Central bankers may have averted outright disaster, but they are powerless to do more.
Evel Knievel was an American daredevil, who attempted over 75 ramp-to-ramp motorcycle jumps between 1965 and 1980. In 1974, he failed in his attempt to jump across Snake River Canyon in a rocket. He survived, and died in 2007 of pulmonary disease. Fed Chairman Ben Bernanke may be about to try to outdo Knievel with an even greater stunt: attempting to leap over the fiscal cliff at the beginning of next year.
[[wysiwyg_imageupload:2228:]]By Clif Droke
A rather eye-opening headline appearing in the financial press is worth discussing here because it’s symptomatic of a bigger problem plaguing the economy. This problem will only increase in the coming months and there’s ample reason for believing it will eventually undermine the cyclical bull market in stocks. The headline reads, “Kimberly-Clark to hike prices after profit falls.”
One of the most important factors likely to influence the financial markets over the coming year is the extreme stance of U.S. monetary policy and the instability that could result from either normalizing that stance, or failing to normalize it. It is not evident that quantitative easing, even at its present extremes, has altered real GDP by more than a fraction of 1% (keep in mind that commonly reported GDP growth rates are quarterly changes multiplied by 4 to annualize them).
Russian Prime Minister Vladimir Putin slammed expansionary U.S. monetary policy, calling it “hooliganism”, in remarks that followed more veiled criticism from China after Standard & Poor’s Corp. cut the outlook on its U.S. debt rating this week.
Starting in May, Utah residents will be able to shop in a currency other than the dollar -- gold, something that hasn't happened since 1933.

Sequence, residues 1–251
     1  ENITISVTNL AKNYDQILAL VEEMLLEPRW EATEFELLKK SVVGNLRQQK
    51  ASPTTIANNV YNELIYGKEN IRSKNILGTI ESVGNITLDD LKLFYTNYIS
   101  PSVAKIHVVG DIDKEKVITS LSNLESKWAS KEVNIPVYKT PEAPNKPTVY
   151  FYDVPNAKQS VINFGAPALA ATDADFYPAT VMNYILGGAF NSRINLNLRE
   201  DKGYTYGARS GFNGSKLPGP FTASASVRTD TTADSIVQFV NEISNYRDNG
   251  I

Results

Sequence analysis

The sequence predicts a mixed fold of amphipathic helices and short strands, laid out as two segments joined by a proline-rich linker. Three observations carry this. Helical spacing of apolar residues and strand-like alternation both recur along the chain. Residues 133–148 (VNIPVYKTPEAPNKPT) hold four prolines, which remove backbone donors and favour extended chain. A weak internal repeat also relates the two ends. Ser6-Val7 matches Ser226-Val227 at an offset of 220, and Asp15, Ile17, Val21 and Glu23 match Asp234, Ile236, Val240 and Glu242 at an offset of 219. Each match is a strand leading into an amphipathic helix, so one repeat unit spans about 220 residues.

The Federal Reserve is on a different monetary planet from the rest of the world, according to Credit Suisse UK Economist Robert Barrie.
[[wysiwyg_imageupload:1732:]]By Bill Fleckenstein
After the close yesterday, FedEx preannounced that this quarter's results were going to be negatively impacted by the weather and fuel costs. However, the stock was not badly affected after hours, nor were the futures. And, lo and behold today, FDX was higher on that news. It's not like FDX was necessarily a sale on that announcement, but I don't see why folks would be racing into it, either. Then again, we are in a crazy environment.
By Terry Coxon
In the fall of 2008, the Federal Reserve responded to the Lehman bankruptcy by igniting a rapid expansion in the U.S. money supply. It did so because, by its lights, the immediate and obvious menace to the economy was a deflationary collapse, with one giant bankruptcy breeding another. And it went about the task without compromise; the monetary base more than doubled in less than a year, and the public's M1 money supply (checkable deposits plus hand-to-hand currency) jumped by 20%.
By Steve Saville
Unless you've been unconscious for the past few days you are probably aware that the situation in Egypt is becoming increasingly precarious. Increasingly precarious, that is, for Egypt's government (the dictatorship of Hosni Mubarak). Inspired by the fall of Tunisia's dictatorship two weeks ago, Egyptians have taken to the streets en masse in an effort to bring Mubarak's thirty-year rule to an end. Predictably, the Egyptian government's response to the protests has been draconian. For example, police have assaulted protestors with tear gas, water cannons and rubber bullets, the military has been deployed to assist the police and to help enforce a curfew, and the internet has effectively been shut down.